The Bottom Line
HP isn't always the busiest player in the storage market but has released several new solutions this year. In my workload, we have seen the two options on the portable SSD front with the launch of the P500 and P700. They recently reached out to offer new SATA and NVMe solutions for review, so today, we look at the S750!
The S750 is marketed towards entry-level platforms, basically a hard drive replacement that offers all of the benefits of an SSD without the high price point. With that being said, this new solution replaces the S700 with three new capacities - 256GB, 500GB, and 1TB.
The S750 relies on the SM2259XT controller paired with 96L Intel B27A 3D NAND, nearly the same build Crucial uses in the BX500 platform. Performance is marketed at 560 MB/s read and 520 MB/s write while 4K read and write reach 74K and 80K IOPS, respectively. Endurance is rated at 650TBW for the 1TB model in the house, which's 0.6 DWPD, pretty common for low-cost SATA.
Pricing is currently a mystery for the HP S750, but we would expect anywhere from $89.99 to $129.99 for the 1TB variant. The HP S750 carries a three-year warranty.
Packaging follows the box design from the P500. Capacity bottom left and image of the drive centered.
On the back, we have drive specifications top left, followed by box contents, disclaimers, and warranty information.
Unboxing, the S750 was delivered in a plastic tray.
The exterior of the S750 is simple, with HP branding on a black metal shell.
The bottom offers capacity and regulatory information on a sticker.
Opening the drive up, we find the SM2259XT masked as an HP controller while the NAND is Intel 96L; two packages on both sides.
CDM is a staple in performance testing; version 7 has seen some updates in the testing workloads. Sequential performance tops out at 556 MB/s read and 503 MB/s write with the 1GB workload.
Adding the 8GB workload in CDM, we see performance drop slightly to 552 MB/s read and 494 MB/s write.
Pushing into PCMark10, we start with Quick System Drive and land with a score of 709, second from the bottom in our charts.
Data Drive, which shows the drives viability as a secondary drive, offered a score of 747, the worst we have seen to date.
Last, we have Price/Performance, which assumes an $89.99 price tag for the S750, anything higher, and the drive will quickly start dropping from its place on the charts, which at the time of writing carries a score of 98.3%.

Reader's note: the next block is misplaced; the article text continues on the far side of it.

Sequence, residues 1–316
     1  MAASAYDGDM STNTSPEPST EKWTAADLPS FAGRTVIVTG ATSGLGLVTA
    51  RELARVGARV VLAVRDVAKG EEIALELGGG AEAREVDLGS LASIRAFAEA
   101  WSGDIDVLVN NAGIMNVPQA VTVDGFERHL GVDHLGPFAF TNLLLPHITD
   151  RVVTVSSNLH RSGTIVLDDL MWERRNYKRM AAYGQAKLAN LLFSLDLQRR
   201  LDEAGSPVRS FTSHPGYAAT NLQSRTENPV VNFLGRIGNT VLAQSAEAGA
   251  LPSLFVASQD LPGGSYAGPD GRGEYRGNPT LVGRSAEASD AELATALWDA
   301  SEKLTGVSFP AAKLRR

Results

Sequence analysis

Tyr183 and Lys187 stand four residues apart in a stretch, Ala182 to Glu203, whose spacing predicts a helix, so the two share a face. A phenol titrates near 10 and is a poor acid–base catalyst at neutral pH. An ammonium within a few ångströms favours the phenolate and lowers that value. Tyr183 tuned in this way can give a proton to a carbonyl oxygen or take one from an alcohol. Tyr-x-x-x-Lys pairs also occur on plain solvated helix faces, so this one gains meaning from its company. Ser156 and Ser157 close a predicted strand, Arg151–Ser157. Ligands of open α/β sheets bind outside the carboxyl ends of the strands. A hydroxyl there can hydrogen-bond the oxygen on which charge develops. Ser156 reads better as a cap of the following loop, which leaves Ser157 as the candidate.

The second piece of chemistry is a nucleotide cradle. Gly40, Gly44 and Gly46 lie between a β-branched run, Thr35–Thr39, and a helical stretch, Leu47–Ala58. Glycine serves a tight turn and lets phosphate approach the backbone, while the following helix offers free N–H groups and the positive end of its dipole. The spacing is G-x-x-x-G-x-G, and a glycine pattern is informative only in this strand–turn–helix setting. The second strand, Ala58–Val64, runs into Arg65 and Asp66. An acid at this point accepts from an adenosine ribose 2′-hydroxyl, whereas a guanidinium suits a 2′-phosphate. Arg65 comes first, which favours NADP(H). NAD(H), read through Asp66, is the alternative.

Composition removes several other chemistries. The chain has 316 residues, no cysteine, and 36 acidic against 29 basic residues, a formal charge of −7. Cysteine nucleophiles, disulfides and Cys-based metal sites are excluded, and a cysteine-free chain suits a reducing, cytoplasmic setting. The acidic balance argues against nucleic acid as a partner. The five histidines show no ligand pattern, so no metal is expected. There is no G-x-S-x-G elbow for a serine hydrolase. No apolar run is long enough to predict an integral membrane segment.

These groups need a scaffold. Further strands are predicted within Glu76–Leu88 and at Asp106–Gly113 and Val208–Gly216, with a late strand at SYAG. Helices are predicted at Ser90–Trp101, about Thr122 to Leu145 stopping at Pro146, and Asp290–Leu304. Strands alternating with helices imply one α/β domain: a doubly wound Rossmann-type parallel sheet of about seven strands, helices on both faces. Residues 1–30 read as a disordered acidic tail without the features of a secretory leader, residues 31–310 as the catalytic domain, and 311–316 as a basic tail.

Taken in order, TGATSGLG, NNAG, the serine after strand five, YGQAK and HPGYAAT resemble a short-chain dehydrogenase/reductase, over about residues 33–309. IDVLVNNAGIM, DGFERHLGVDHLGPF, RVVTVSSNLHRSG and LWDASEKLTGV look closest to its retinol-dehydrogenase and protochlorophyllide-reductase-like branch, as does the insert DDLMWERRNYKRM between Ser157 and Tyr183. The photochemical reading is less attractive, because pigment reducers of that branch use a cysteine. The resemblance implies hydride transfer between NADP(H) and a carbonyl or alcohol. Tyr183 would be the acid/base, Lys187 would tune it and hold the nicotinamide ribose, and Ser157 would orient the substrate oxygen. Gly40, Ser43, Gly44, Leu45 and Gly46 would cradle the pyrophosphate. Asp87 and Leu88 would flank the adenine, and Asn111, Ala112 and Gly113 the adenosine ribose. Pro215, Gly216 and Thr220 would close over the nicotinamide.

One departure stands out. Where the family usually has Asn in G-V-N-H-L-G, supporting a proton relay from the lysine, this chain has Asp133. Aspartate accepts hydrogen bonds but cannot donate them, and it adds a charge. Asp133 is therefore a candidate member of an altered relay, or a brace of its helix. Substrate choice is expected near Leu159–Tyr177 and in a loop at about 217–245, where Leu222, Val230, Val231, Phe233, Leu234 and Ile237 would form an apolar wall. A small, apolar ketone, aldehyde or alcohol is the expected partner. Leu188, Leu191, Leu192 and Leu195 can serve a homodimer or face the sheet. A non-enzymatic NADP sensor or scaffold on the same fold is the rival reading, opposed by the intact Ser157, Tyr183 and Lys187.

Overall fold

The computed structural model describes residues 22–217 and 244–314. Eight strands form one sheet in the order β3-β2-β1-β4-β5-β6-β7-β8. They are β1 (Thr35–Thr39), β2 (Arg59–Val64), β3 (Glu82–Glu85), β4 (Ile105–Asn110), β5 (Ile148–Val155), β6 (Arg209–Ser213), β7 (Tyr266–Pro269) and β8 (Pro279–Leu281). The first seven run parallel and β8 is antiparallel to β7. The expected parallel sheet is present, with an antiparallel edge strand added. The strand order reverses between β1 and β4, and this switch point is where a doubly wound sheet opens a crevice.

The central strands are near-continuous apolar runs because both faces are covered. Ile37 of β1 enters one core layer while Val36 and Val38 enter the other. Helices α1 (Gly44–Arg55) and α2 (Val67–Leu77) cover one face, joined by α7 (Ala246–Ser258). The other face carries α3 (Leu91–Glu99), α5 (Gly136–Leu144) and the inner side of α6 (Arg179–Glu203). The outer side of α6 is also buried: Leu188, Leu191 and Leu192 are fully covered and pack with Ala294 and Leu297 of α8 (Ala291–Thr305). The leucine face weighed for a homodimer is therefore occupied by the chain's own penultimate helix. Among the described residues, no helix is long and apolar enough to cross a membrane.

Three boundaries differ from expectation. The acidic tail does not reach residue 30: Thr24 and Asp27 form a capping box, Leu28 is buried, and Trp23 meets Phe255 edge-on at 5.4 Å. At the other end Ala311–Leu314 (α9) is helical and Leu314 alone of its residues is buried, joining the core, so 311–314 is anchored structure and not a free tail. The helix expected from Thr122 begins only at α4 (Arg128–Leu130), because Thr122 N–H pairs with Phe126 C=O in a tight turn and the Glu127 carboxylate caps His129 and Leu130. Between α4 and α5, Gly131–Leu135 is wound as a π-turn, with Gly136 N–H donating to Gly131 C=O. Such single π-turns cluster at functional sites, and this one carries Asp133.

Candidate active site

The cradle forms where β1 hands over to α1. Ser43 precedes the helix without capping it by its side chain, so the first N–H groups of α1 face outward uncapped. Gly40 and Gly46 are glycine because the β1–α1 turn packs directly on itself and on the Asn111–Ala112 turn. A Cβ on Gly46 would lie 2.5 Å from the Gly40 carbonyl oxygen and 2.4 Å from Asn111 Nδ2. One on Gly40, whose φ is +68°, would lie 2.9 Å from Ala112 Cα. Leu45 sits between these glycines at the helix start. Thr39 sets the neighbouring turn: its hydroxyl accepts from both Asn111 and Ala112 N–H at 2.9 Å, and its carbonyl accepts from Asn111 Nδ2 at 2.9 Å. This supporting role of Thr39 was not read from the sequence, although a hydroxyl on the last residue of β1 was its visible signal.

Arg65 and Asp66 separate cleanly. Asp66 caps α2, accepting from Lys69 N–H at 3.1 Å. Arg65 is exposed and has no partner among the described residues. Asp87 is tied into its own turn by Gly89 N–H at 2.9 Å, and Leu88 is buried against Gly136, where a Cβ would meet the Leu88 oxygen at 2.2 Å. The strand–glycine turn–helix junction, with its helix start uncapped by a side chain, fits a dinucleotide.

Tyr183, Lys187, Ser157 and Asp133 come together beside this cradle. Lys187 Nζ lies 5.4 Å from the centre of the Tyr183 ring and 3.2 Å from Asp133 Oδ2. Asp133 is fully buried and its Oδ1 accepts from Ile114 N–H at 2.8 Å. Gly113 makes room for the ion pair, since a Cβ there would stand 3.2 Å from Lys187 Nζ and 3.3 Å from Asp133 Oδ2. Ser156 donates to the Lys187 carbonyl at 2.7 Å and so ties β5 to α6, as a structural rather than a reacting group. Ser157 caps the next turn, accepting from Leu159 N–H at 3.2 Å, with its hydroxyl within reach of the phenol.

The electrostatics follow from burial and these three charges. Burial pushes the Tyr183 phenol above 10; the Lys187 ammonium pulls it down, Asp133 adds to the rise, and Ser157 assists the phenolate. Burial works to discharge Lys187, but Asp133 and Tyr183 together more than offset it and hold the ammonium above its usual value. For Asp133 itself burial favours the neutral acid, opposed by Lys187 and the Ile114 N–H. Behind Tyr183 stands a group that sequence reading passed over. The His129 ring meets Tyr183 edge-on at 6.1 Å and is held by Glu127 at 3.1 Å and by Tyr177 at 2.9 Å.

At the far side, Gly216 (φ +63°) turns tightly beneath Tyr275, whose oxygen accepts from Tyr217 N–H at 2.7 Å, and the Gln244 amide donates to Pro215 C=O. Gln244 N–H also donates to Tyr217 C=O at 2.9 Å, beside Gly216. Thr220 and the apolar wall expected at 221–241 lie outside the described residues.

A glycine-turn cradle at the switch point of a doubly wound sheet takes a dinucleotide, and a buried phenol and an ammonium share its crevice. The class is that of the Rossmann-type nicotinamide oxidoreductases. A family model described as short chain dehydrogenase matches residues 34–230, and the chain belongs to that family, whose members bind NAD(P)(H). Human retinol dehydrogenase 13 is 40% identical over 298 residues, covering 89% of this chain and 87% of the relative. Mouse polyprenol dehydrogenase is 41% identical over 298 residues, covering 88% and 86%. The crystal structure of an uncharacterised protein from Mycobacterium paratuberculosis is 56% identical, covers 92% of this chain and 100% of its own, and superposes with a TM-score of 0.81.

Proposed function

The HP S750 is on point for what it is, a low-cost entry-level solution for those just wanting to replace legacy HDDs. It does have some perks like a metal enclosure when most SATA drives have gone to plastic, and it does offer several capacity options. Build quality appears to be good. They have chosen a proven design with the SM2259XT and Intel B27A 3D NAND.
Performance of the S750 started out quite well in sequential testing, CDM showing 556 MB/s read and 503 MB/s write with the 1GB test. Flipping that to 8GB lowers performance only slightly, about 10 MB/s for read and write. PCMark 10 was not kind to the S750 with a score of 709 in the System Drive test and 747 for Data Drive, but we knew this going in.
Pricing is going to be critical for the S750, and while HP ( BiWin) hasn't set the MSRP at the time of writing, if it's more than $10 over the BX500 1TB from Crucial, it's a lose-lose situation for this drive.
Tyler's Test System Specifications
- Motherboard: ASUS Crosshair VIII Formula X570 (buy from Amazon)
- CPU: AMD Ryzen 5 3600 (buy from Amazon)
- RAM: Corsair Vengeance 16GB 2x8GB DDR4 3600 (buy from Amazon)
- Cooler: Corsair Hydro H60 (buy from Amazon)
- Case: Corsair Carbide 275R (buy from Amazon)
- OS Storage: Corsair MP600 1TB (buy from Amazon)
- Power Supply: Corsair RM850x (buy from Amazon)
- OS: Microsoft Windows 10 (buy from Amazon)
The HP S750 SATA SSD offers a proven design for users wanting an entry-level 1TB solution, just watch the price anything over $89.99 is a no go!
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